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Government ditches ethical pensions plan

Plans to make company pension schemes publish details of how they have taken members’ ethical views into account when investing their money have been scrapped.

Proposals to make company pension schemes publish details of how they have taken members' ethical views into account when investing their money have been scrapped by the Department for Work and Pensions (DWP). Instead, the department said this week that it will require schemes to publish more detail on the principles they apply when making investment decisions. The announcement has disappointed ethical-investment campaigners and trade unions, who had hoped pension schemes would come under more pressure to invest in line with members' views.

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There have been a string of high-profile rows over schemes with holdings in areas such as tobacco and oil investments that many savers oppose. However, pension experts point out that under the new rules it will still be possible for pension-scheme members to lobby their funds to invest more ethically. A scheme's official statement of investment principles will have to disclose the approach taken. That will let members know whether any ethical principles are included in the scheme's policies.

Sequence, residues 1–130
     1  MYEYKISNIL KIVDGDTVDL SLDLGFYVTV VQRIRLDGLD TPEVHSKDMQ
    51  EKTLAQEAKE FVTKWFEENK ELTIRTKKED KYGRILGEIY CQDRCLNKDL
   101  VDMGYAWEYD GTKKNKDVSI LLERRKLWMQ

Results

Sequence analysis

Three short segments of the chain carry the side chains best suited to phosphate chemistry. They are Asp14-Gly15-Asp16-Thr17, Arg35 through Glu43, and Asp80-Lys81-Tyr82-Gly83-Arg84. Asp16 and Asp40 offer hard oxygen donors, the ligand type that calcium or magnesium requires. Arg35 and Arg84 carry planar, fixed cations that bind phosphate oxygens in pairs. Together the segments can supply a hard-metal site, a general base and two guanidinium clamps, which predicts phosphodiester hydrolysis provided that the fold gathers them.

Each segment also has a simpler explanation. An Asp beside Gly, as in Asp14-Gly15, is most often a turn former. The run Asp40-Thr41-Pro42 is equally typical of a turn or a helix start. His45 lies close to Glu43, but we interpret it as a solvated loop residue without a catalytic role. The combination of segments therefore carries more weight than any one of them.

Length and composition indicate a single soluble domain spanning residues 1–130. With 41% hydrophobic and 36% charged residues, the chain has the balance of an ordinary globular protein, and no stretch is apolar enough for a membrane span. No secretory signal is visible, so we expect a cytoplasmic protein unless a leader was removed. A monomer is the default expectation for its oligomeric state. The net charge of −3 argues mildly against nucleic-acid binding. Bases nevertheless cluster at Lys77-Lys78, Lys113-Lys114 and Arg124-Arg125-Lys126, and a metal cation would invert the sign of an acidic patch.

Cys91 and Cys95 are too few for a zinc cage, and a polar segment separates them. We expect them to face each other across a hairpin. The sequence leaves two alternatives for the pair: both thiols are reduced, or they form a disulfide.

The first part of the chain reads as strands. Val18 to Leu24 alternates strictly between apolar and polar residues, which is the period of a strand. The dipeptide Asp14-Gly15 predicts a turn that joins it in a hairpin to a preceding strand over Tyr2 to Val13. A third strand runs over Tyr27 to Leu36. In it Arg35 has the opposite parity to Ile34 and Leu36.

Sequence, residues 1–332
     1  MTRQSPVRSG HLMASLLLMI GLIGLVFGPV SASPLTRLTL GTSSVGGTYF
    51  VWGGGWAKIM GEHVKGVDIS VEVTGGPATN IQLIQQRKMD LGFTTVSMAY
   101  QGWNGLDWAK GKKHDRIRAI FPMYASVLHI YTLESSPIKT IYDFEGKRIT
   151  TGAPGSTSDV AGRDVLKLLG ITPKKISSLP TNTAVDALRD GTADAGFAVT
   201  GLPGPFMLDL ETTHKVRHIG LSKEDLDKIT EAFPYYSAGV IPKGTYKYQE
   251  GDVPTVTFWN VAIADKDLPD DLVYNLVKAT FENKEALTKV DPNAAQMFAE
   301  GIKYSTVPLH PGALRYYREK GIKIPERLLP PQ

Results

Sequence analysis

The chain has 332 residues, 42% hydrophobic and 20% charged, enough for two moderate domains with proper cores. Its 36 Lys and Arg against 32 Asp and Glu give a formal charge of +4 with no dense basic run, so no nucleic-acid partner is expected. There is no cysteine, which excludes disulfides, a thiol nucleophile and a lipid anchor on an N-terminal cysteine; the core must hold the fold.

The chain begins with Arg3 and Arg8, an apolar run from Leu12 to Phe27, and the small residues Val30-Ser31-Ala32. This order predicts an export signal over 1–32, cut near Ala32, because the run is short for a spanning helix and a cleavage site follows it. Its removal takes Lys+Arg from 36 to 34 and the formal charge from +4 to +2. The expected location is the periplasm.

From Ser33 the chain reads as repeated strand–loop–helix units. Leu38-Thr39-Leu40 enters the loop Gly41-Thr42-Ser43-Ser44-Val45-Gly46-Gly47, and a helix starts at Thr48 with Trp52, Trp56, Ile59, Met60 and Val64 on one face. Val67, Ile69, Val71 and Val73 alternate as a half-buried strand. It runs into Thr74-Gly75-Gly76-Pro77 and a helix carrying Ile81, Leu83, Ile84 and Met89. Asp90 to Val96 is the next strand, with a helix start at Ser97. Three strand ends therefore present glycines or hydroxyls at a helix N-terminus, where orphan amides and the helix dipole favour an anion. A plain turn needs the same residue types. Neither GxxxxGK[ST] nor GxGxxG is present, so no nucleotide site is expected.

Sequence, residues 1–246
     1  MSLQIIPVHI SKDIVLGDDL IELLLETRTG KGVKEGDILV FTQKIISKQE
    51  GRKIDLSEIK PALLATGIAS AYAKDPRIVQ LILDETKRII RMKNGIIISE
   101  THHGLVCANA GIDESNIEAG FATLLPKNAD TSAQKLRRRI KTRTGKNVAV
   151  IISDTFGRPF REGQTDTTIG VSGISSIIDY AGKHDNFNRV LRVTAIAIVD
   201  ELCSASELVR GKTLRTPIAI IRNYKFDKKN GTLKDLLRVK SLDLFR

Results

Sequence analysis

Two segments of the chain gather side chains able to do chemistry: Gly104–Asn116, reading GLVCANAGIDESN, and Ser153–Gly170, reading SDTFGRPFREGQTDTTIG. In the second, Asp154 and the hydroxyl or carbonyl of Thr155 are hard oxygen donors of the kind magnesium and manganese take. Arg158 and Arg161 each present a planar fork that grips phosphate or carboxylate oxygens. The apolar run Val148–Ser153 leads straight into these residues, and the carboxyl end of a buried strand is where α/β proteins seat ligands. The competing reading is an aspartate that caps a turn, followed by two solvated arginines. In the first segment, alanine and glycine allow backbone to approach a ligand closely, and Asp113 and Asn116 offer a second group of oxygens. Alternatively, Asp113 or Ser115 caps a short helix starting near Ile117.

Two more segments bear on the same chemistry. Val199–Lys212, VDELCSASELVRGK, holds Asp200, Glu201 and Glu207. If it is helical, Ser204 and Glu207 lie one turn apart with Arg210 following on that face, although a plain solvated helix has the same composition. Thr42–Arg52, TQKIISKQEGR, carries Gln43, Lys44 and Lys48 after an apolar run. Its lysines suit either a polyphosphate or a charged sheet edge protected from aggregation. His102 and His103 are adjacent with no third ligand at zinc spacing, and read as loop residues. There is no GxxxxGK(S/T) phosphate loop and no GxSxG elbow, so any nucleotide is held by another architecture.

If they are unhappy with the approach, they will be able to pressure the scheme managers to change tack. Many unions are keen to work with groups of employees in this way. Growing numbers of schemes also offer members an ethical investment option, such as one or more explicitly environmental or sustainable funds. However, the broader law on pension-fund investment remains unclear. Schemes are generally obliged to make decisions on the basis of the financial interests of their staff, rather than other considerations. So the extent to which managers can apply ethical principles will often be limited.

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